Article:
I was recently at a meeting that involved a wide range of faculty and administrators from my general field of the physical sciences. During one of the organized social events, I talked with several FSP's I had never met before. We talked about our research, teaching, other aspects of our professional lives, and our families.
After talking about these kinds of things for a while, one of the FSP's said to me, "You are like a poster child for women in science."
I'm like a seriously ill child who makes people feel sorry for her so they will be sympathetic to a particular cause? I know she didn't meant that exactly; the term 'poster child' has come to be commonly used to mean 'a good example of' [something], but the FSP who made the poster child comment hastened to explain anyway. She did in fact mean it in a nice way, and her intention was to say that I am a good example of an FSP who balances all the things we have to balance in this job and yet I have a life and I enjoy my job and so on. OK, that's fine. The comment took me aback for a moment, but then I laughed. I think my only poster-related activities will involve the kind I do at conferences though.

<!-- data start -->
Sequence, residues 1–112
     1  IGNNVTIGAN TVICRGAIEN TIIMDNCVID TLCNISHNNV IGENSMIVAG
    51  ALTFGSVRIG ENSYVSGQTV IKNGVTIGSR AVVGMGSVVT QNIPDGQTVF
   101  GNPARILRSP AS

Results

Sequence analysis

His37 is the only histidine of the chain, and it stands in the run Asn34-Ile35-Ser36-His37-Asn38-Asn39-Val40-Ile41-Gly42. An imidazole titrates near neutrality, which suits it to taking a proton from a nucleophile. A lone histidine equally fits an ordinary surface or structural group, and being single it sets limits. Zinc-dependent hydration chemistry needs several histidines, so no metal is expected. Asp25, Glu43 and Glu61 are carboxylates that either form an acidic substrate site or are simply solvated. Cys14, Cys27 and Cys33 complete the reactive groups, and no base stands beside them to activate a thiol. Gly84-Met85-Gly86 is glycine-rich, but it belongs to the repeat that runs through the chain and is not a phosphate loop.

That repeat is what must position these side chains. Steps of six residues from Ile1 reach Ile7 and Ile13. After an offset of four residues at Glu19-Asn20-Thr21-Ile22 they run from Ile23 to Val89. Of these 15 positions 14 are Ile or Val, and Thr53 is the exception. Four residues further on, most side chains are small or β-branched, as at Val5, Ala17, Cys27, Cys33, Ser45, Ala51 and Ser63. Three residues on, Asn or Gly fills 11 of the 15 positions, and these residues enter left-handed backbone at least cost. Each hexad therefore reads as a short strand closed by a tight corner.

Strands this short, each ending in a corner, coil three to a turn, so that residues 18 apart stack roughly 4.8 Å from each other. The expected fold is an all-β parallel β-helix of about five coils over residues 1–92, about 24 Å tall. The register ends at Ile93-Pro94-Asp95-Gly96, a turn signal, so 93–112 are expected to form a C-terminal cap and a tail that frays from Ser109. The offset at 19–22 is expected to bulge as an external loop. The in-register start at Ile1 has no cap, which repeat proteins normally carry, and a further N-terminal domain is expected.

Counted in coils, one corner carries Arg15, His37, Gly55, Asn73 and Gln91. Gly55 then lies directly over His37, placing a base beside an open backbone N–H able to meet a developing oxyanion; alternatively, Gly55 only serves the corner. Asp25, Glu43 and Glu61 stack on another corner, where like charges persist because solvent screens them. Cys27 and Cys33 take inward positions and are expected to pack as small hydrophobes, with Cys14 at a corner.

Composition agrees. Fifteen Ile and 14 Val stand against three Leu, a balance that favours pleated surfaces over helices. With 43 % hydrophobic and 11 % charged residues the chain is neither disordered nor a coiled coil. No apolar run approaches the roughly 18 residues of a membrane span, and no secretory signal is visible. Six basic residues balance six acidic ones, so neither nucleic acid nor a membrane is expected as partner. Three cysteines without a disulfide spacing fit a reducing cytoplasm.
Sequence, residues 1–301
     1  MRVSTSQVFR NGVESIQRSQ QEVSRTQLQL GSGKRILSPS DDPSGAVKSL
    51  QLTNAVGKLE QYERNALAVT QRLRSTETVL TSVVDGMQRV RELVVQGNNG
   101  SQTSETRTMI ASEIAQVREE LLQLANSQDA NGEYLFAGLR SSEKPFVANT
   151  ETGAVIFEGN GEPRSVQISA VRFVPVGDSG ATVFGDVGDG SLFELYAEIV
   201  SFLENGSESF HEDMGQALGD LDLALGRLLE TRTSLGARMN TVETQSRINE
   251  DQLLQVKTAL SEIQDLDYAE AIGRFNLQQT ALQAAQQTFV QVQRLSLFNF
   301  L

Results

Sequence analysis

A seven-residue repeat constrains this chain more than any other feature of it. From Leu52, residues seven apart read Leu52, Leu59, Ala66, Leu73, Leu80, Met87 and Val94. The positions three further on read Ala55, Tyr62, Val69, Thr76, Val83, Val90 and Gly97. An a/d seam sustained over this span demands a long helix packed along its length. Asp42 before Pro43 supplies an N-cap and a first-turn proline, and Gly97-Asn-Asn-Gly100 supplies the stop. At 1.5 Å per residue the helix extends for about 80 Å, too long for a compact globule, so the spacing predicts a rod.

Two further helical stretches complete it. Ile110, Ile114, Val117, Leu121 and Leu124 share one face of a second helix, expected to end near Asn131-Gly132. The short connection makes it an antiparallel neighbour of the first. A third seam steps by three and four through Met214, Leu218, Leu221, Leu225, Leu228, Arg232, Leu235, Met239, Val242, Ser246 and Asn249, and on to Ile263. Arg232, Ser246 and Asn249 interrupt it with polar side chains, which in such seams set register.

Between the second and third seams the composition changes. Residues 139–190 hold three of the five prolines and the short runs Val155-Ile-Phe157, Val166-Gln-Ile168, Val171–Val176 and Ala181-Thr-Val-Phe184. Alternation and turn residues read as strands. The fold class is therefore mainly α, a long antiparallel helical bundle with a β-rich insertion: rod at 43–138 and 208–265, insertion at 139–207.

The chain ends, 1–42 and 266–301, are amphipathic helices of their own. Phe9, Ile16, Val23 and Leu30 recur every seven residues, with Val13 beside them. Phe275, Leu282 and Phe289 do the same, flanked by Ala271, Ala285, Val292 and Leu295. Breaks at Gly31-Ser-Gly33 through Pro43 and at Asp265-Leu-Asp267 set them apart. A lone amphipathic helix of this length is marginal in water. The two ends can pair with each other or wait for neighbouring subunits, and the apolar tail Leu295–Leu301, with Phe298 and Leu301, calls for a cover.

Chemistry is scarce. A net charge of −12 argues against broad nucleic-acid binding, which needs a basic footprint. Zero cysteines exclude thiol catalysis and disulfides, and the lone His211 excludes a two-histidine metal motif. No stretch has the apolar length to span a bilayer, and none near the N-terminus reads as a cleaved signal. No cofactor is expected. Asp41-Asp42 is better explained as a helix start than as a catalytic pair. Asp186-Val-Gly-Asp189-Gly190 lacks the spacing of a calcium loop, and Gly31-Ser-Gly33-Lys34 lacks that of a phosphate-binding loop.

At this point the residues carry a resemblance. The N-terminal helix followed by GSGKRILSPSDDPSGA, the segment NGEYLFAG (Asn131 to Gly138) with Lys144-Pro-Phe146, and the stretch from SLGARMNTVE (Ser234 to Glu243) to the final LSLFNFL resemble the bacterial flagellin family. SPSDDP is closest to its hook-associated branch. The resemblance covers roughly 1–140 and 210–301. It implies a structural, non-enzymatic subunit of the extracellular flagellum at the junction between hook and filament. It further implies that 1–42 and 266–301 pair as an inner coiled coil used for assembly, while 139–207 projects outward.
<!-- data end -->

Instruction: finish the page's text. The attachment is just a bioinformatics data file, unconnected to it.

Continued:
2 years ago